The end is nigh

My blessed time with Hinduism is coming to a close. On Wednesday I begin with a new tradition, as well as fly back to the United Kingdom after a frustrated month on a vacation that wasn’t much of one. This month isn’t how I wanted to close out my time with Hinduism. Hinduism is beautiful, rich, lovely, and challenging in ways I never expected. There were several things I wanted to do and experience that just didn’t happen: draw yantra, visit a temple, attend yoga classes, settle into meditation, to name a few. This last month has been out of my control and I’ve had to let those things go.

Instead of focusing on what didn’t occur, let me write about what I’ve learned and gained from my time with Hinduism.

I feel my perspective of the spiritual life has been cracked open. I feel hungrier than ever before for the Tantric path (more on this in my next post). I am more compassionate, more at peace with myself and my life, and I feel I can balance tradition and duty in ways that have resonance with my life as it is.

I have welcomed more beauty into my life. Hinduism seems to place a high value on beauty. I find western culture to be in great conflict with beauty. It is considered either shallow and worshiped as an end in itself, or it is considered superfluous and at worst a temptation from Serious Spiritual Business. But Hinduism seems to enjoy beauty for its own sake. While I was never a slob before, I now find myself taking slightly more effort with my dress. I have worn shiny colorful jewelry and chosen brighter colors to add some pizzazz to my usual dour black. Hinduism also values cleanliness as a spiritual discipline and I have taken that to heart. I wash my hands more. Before we were staying in other people’s homes I made an added effort to my own house (which, honestly was pretty clean to begin with).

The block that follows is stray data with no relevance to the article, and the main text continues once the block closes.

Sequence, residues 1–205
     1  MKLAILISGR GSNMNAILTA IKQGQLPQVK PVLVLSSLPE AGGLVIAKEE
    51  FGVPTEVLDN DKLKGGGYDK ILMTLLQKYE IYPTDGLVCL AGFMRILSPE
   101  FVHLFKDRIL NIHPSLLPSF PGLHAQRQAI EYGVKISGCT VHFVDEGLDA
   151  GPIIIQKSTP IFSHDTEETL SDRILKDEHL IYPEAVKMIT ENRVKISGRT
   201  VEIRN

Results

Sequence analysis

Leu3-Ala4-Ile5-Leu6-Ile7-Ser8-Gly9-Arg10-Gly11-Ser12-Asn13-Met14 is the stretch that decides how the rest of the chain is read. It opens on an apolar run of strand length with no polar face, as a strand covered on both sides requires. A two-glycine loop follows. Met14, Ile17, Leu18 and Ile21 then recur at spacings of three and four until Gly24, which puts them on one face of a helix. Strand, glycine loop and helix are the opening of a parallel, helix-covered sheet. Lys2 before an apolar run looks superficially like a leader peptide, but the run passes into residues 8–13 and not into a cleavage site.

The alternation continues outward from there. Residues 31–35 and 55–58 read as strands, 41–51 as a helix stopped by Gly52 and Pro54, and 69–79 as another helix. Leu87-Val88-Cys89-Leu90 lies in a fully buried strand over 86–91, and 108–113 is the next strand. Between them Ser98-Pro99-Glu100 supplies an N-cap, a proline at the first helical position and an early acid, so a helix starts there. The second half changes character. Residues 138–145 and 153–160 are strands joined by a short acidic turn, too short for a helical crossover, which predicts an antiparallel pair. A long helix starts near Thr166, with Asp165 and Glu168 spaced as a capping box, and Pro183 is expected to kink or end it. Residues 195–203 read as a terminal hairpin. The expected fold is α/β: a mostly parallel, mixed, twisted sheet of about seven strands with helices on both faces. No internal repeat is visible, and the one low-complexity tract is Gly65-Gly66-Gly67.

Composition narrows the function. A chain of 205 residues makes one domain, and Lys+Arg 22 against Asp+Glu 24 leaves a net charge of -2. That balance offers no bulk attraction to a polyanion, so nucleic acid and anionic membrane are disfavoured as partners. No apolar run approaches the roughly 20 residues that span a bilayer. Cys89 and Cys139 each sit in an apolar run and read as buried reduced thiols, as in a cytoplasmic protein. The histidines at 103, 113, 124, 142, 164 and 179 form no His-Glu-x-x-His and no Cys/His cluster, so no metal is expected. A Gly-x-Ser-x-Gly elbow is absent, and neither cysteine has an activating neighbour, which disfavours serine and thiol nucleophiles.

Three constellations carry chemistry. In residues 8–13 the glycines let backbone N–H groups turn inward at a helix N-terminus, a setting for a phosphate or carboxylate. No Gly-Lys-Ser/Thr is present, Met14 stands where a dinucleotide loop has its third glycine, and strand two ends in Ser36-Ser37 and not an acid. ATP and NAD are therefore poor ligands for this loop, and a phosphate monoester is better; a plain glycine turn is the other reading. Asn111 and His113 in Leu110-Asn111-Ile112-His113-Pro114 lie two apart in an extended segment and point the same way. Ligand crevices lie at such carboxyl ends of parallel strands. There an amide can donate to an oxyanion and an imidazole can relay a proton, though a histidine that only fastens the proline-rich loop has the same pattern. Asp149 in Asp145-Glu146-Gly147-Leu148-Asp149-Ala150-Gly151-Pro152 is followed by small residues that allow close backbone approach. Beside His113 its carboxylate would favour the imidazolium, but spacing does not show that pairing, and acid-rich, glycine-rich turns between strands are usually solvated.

As far as deep, profound Mystical Experiences go, I haven’t had any. But I don’t feel like this is a failure or due to a lack of anything. I feel like I have gained so much just from opening myself to this new(ish) perspective. More than anything, I feel like I found a spiritual home. Hinduism is so big I feel like there is room for all, which is something I’ve rarely felt before.

I feel like it’s a great tradition for children too. Its colorful images capture their eyes, the incense and other aspects of puja capture their senses and desire to do and move. Breathing exercises are helpful for little ones learning to manage the world of thoughts, emotions, and energy. Dharma, family, devotion, these concepts seem to make sense to children – or at least, to my 3-year-old. And what kid can resist Ganesh?

I don’t feel nearly ready to let Hinduism go. But it’s a joyous parting and I will be back. Oh yes, I will. We shall see what I’ve learned at the end of the year, but I feel that Hinduism in some way or shape or form will be in my life. Thankfully, it’s a 5,000 year old tradition that’s not going anywhere. I don’t feel like we are done with one another, not by a long shot!

Jai Ganesh! Om namah Shivaya! Om Kalikayai namah! Jai Ma!

About Niki Whiting
  • surya

    self realization is all that hiduism advocates and guides one on ones path towards this goal. Probe the doctrine of the oneness of all that is there (as opposed to dvaita). When you get a chance please explore advaita vedanta. Good luck and shanti.

    • http://www.patheos.com/blogs/awitchsashram myownashram

      I have great respect for advaita vedanta, but I don’t believe it is for me. I’m far more interested in the Tantric side of things. To be explained in my next post!


CLOSE | X

HIDE | X